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Sponsored by KOTOHIRA BUS

If you are a frequent or even first-time traveller to Japan, you would likely be aware that there are countless amazing places in which you can spend your time. Whether that be the bustling metropolis of Tokyo or the quiet contemplative old city of Kyoto, Japan has a great deal of stimulating experiences to offer curious visitors. One unique place to visit is the smallest of the four main islands of Japan, Shikoku, which is famous for both its delicious udon noodles and rich cultural history. But as it is quite far from Tokyo, how do we get there on a budget?

Japan is quite famous for its lightning-fast and efficient mode of cross-country travel: the “Shinkansen”, or bullet train. The Shinkansen can transport travellers between major cities in mere hours, moving at blistering speeds while those inside can enjoy a smooth and quiet ride to their destination. So if the Shinkansen is so great, you might be asking why you should consider other modes of transportation while moving around in Japan. Firstly, while the bullet trains are fast, efficient and reliable, they are very expensive. A one-way trip from Tokyo to Hiroshima, one of the longer trips one can take on the Shinkansen, runs at about 18,000 yen. Additionally, the Shinkansen does not run all night, so an overnight trip is out of the question. This is where the bus comes in!


If you are looking to save a lot of money, and maximize the amount of time that you have to spend enjoying your trip to Shikoku, the overnight Kotobus is definitely the best way to travel. As budget travellers, we tend to look at value and efficiency to be the most important factors when making purchasing decisions. In this regard I found the Kotobus to be extremely good value, for the following reasons:


The Kotobus to Shikoku is fairly affordable and almost half the price of the Shinkansen. It is also possible to save money by making an early booking, which you can do by phone or online (keep in mind that at present the website is only available in Japanese). They also accept a wide variety of payment methods including credit cards and paying at a convenience store. Another thing worth noting is that due to it being an overnight bus, one can save on accommodation costs as the night can be spent sleeping in the comfortable reclining chairs on the bus.


Ease of Use

This is probably one of the most important deciding factors for me, especially in Japan, where things can often be difficult to understand if you are a foreigner with limited understanding of the way in which they do things here. Once you have your reservation confirmed, just make your way to the Shinjuku South-Exit bus station (in Japanese it is labelled “バスタ”, “basuta“ short for Bus Terminal), and head up to the 4th floor terminal. Boarding the bus is as simple as finding the station from which your bus will be departing and then showing the attendant your reservation number prior to boarding. After that it is time to kick back and enjoy your overnight bus ride!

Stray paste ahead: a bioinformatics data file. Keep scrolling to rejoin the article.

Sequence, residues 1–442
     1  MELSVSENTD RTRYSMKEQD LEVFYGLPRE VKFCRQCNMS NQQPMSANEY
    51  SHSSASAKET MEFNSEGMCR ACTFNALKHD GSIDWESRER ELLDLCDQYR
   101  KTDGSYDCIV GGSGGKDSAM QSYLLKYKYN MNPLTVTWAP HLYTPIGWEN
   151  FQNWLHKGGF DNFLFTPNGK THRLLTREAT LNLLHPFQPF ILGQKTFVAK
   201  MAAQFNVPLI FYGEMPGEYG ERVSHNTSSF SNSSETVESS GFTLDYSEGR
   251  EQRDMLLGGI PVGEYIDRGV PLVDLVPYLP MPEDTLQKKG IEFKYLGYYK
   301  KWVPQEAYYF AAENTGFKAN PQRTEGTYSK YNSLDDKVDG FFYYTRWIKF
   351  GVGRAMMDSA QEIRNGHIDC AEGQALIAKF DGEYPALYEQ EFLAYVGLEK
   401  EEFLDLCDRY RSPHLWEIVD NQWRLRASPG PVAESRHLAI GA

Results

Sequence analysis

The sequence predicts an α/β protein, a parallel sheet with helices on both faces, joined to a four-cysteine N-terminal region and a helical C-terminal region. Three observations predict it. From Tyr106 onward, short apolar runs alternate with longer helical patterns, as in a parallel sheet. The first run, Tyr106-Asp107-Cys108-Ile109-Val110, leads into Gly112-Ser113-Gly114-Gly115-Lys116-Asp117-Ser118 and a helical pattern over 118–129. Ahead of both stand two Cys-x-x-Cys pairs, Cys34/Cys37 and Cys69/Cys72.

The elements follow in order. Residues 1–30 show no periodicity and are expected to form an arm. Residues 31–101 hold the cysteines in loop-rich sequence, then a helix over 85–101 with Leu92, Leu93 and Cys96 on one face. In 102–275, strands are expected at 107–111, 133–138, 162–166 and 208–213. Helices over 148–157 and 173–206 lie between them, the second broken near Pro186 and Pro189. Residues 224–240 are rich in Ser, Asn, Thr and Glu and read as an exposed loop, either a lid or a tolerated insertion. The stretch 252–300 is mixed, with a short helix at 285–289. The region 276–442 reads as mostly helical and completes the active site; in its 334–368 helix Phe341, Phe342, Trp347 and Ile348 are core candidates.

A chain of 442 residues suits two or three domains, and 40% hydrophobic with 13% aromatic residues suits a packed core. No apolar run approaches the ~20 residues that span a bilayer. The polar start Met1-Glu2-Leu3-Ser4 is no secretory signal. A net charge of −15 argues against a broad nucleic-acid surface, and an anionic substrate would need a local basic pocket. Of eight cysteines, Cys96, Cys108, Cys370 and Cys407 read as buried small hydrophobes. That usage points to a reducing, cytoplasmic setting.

Shinjuku Bus Terminal


I have taken a few overnight buses in Japan before, usually when travelling between Tokyo and Osaka, and I must say that this was easily the most comfortable bus ride by far. We departed at around 9pm, arriving in Kotohira about 11 hours later, so such a long ride can be taxing on the body. Fortunately for me, due to the comfortable reclining seats and blanket offered to Kotobus customers, I was able to get the majority of a good night’s sleep (which is rare for me as I am usually never able to sleep on buses or planes!).


Kick back in a comfy seat


Enjoy the view!

Other features

One of the more pleasantly surprising services offered by Kotobus was free Wi-Fi. This was incredibly useful as using cellular data services for such a long trip can drain your device batteries swiftly. It is worth noting that this is a service not even offered on the Shinkansen (their Wi-Fi services are available to contract internet customers in Japan). The seats also offer a power outlet to charge devices and a fold-out arm rest from which to eat your dinner or place an iPad or laptop.


Sit back, relax and watch a movie!


Connecting to wifi is as easy as checking a box.

The Kotobus stops at a few different places in Shikoku’s Kagawa prefecture, one of which is Kotohira-cho, a medium-sized town with a great deal of cultural history, which includes the Konpirasan walking route – a nice walk up a mountain with a number of sightseeing and shopping spots for keen visitors. Just before 10am, my bus arrived at the Kotohira Bus Terminal, at which point I was the last person left on the bus, where I was soon after greeted by the lone terminal attendant, receiving a friendly “Welcome to Kotohira!”. After a comfortable bus ride, enough sleep and a friendly greeting upon arrival, my successful Kotobus experience left me ready to conquer Konpirasan and enjoy Shikoku on a budget!

How to make a reservation,click here


See you next time Kotobus!


Matt De Sousa

Matt De Sousa

Tokyo-based videographer, photographer, occasional writer and student of Japanese language. Originally from Melbourne, Australia. Lover of all things Dragon Ball.

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